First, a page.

The EU will refuse Britain’s demand for talks on a post-Brexit transition and future trade pact if Ireland is not satisfied with London’s offer on border arrangements with Northern Ireland, European Council President Donald Tusk said this weekend.
Donald Tusk, who will chair a crunch summit of European Union leaders on the issue in two weeks, was speaking to reporters after meeting Irish Prime Minister Leo Varadkar in Dublin.
“Before proposing guidelines on transition and future relations to the leaders, I will consult the Taoiseach (Varadkar) if the UK offer is sufficient for the Irish government,” Mr Tusk said.
“Let me say very clearly: If the UK offer is unacceptable for Ireland, it will also be unacceptable for the EU. I realize that for some British politicians this may be hard to understand.”
“This is why the key to the UK’s future lies – in some ways – in Dublin, at least as long as Brexit negotiations continue.”
A former Polish prime minister, Mr Tusk noted that he had given British Prime Minister Theresa May a deadline of Monday to make a “final offer” on the Irish border before leaders decide whether there is “sufficient progress” on a divorce settlement to merit opening talks on the future relationship.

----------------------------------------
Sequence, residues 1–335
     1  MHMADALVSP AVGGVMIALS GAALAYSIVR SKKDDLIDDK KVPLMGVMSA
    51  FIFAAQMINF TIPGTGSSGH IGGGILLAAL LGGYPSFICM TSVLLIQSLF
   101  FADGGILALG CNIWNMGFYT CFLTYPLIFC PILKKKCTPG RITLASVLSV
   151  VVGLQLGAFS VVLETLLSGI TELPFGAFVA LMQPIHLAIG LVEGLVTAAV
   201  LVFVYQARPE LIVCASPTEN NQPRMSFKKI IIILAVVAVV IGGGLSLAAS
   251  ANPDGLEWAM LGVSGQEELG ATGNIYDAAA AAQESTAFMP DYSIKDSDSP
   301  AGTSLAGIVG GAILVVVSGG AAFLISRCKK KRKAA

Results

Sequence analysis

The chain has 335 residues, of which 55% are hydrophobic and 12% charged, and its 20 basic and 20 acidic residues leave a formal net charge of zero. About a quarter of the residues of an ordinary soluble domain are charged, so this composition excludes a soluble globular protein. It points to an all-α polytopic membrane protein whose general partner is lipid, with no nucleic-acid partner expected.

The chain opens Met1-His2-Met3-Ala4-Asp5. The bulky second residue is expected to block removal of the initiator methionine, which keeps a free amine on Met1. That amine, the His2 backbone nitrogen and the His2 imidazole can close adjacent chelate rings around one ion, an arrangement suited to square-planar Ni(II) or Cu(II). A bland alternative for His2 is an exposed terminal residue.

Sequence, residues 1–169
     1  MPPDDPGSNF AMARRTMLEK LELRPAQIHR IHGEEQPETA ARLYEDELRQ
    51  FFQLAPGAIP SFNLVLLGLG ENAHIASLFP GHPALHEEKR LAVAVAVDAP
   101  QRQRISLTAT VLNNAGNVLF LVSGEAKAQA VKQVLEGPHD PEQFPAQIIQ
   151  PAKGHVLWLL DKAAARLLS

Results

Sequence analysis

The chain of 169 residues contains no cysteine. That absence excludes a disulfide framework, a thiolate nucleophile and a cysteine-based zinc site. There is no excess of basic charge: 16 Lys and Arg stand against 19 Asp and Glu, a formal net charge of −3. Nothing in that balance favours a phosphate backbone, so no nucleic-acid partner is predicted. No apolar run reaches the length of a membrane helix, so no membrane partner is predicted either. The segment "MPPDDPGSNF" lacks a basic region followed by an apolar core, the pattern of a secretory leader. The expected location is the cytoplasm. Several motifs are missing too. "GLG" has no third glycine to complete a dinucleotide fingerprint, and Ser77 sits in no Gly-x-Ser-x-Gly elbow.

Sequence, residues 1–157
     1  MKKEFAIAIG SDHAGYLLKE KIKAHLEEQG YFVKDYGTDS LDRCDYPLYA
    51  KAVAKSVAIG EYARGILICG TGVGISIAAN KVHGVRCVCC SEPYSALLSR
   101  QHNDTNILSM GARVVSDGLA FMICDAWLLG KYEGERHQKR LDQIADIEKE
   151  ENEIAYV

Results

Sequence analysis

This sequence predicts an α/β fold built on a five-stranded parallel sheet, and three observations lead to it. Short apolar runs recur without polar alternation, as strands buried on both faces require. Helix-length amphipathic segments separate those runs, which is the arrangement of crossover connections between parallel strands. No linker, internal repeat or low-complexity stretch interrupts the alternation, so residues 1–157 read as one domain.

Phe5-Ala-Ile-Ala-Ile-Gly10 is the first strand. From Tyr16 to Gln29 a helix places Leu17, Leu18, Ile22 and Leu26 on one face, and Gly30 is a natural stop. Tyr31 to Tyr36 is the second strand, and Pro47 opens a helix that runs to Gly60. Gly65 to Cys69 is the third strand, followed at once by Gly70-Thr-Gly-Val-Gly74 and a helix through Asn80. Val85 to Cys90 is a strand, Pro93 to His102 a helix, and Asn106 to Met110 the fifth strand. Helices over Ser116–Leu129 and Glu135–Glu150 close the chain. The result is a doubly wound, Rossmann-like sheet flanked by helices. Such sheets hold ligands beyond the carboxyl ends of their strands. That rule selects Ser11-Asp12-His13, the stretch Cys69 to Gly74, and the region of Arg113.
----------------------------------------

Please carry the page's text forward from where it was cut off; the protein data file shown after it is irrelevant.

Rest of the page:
He insisted there could be no division between the other 26 EU members and Ireland: “The EU is fully behind you and your request that there should be no hard border on the island of Ireland after Brexit,” he said. “The Irish request is the EU’s request.”
He added: “The UK started Brexit, and now it is their responsibility to propose a credible commitment to do what is necessary to avoid a hard border.
Theresa May is hoping EU leaders will give the go-ahead for the second phase of the negotiations, including talks on a free trade deal, to begin at the European Council summit on December 14-15.
She is due to travel to Brussels this Monday for talks with European Commission president Jean-Claude Juncker in the hope of securing a declaration that “sufficient progress” has been made on divorce issues like the financial settlement and the Irish border.
The leaders of the remaining 27 EU states, including Irish premier Mr Varadkar, have a veto on triggering the second phase of talks, meaning Mrs. May must be sure of support from Dublin for progress to be made.
The free-flowing and invisible border between Northern Ireland and the Republic since the 1998 peace deal was enabled through the UK and Ireland’s joint membership of the EU and its single market. When UK departs it raises the prospect of some form of customs barrier or else continued harmonization on issues like duties on goods.
Ireland’s proposal for no checkpoints could mean Northern Ireland sticking to the EU rulebook while the rest of the UK diverged, a red line for the Democratic Unionists who are propping up the UK Government.